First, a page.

Everything You Ever Wanted to Know About Medicine
One of my favorite places to roam when I’m intellectually curious is a great American resource few people know about: the U.S. National Library of Medicine. Because I live near Washington, D.C., I can actually go to the library, which is on the National Institutes of Health campus in Bethesda, Maryland.
But I’m discovering that it’s an even more interesting place to visit online. The easily found resources include more films about medicine than you’ll ever have time to see, including Ask Your Dentist, 30 minutes from 1930 that will make you wonder just how much about drilling teeth has actually changed; a film about venereal disease from 1945 called Easy to Get; a 44-minute film on conjoined twins; a new film on women and violence that’s very well done; and a thoughtful film that serves as a great primer on Charles Darwin.
The databases you can connect to here are amazing, including searchable lists of every FDA-approved Phase 1, 2 or 3 drug study; Toxnet, which can tell you about poisons, hazardous chemicals, drugs that affect breast feeding, household products you should be wary of and alternatives to drug testing on animals; an extraordinary collection of 71,000 downloadable images from the history of medicine; consumer drug and health information; and a search mechanism to understand the words and hierarchy of medical terms called MeSH.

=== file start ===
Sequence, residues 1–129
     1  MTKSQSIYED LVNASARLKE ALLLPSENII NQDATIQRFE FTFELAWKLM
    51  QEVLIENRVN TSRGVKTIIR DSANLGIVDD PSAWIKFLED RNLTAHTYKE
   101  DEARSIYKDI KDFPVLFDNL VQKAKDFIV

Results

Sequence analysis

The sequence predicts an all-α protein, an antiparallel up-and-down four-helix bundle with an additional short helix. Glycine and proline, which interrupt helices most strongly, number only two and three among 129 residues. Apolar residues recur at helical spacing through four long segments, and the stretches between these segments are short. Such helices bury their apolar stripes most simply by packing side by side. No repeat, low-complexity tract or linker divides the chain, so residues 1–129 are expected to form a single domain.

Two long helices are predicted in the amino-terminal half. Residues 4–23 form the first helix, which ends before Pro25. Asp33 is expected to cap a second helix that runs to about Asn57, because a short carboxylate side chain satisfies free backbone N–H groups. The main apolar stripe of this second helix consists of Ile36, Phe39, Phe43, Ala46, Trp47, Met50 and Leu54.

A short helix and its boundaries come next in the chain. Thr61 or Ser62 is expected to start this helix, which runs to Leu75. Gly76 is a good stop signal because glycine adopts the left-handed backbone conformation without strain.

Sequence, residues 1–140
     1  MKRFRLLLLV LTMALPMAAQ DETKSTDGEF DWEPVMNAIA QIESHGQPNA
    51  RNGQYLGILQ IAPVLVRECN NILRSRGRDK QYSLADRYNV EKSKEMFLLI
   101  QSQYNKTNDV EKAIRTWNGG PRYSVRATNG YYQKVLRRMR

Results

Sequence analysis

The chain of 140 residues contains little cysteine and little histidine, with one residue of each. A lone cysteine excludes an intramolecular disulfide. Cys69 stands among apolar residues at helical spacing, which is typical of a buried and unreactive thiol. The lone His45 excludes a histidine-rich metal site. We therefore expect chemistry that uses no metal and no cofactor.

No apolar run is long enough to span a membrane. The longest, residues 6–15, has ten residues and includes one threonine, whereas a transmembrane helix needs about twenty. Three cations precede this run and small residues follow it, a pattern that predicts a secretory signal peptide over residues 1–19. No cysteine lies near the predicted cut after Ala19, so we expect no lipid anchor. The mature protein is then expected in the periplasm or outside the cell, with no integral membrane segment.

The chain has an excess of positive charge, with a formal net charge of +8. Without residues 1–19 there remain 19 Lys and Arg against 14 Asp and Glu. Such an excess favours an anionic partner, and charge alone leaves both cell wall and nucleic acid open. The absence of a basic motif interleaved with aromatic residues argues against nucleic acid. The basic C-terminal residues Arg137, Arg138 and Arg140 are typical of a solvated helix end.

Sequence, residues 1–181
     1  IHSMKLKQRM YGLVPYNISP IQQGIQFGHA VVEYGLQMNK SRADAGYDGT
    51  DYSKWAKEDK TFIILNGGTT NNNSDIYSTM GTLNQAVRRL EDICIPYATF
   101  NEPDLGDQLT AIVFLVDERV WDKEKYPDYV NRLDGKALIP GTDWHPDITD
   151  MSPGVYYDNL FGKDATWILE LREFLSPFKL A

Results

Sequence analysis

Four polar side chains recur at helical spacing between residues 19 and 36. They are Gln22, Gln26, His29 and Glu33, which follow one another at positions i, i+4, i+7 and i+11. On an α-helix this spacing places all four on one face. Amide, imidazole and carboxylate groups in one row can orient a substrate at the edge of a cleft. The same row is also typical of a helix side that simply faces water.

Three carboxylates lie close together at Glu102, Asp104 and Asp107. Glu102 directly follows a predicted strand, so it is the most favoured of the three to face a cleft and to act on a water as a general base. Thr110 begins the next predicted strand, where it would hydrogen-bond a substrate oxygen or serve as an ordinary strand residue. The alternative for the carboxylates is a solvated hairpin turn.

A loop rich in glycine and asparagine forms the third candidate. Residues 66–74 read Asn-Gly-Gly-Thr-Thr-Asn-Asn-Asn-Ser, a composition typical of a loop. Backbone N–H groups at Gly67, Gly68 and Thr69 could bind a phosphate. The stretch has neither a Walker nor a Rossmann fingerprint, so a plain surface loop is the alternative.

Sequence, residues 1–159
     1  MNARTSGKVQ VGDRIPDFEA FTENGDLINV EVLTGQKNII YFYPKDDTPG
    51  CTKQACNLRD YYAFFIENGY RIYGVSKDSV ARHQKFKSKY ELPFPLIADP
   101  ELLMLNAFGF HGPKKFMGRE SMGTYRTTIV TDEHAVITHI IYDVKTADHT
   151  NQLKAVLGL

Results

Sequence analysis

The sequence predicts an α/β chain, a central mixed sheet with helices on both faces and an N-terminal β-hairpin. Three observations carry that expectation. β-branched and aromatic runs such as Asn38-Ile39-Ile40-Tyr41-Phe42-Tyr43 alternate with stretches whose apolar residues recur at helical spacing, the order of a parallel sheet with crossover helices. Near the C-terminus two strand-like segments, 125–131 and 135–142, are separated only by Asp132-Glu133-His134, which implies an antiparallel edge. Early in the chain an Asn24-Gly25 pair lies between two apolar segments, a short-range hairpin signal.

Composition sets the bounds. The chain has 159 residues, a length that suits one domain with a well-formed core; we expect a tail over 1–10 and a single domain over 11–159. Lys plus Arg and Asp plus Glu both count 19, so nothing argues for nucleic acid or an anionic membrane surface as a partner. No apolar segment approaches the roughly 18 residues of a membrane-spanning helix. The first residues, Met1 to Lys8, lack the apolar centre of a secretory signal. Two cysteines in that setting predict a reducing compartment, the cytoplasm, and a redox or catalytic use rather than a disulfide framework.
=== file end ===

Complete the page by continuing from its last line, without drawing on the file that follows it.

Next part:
There is, of course, a variety of information on the history of medicine that is probably the best collection in the world. It includes more than 9,000 books on medicine dating back to 1552 that have been digitized. A new one just added is The Anatomy of Melancholy by Robert Burton, published in 1621 and probably the first book on depression. PubMed Central, which is part of the historical collection, has 3.5 million articles from biomedical and life sciences journals.
For those of you interested in genetics, the materials are nothing short of awesome, including one of the best gene databases anywhere, including a guide to inherited human disorders. And get this: you can download the entire DNA sequence of the human genome here. You can compare mice to humans and discover which genes they share and how they are medically relevant for the animal studies that come before human drug studies.
I could go on about the resources here, but I encourage you to visit the library online, and then in person if you travel to the Washington, D.C., metro area. Hours are Monday–Friday, 8:30 a.m.–5 p.m. The Washington Metro will take you to the NIH campus, and from there it is a short walk to the library and its public reading room and many exhibits. You will be amazed and amused.
To your health and wealth,
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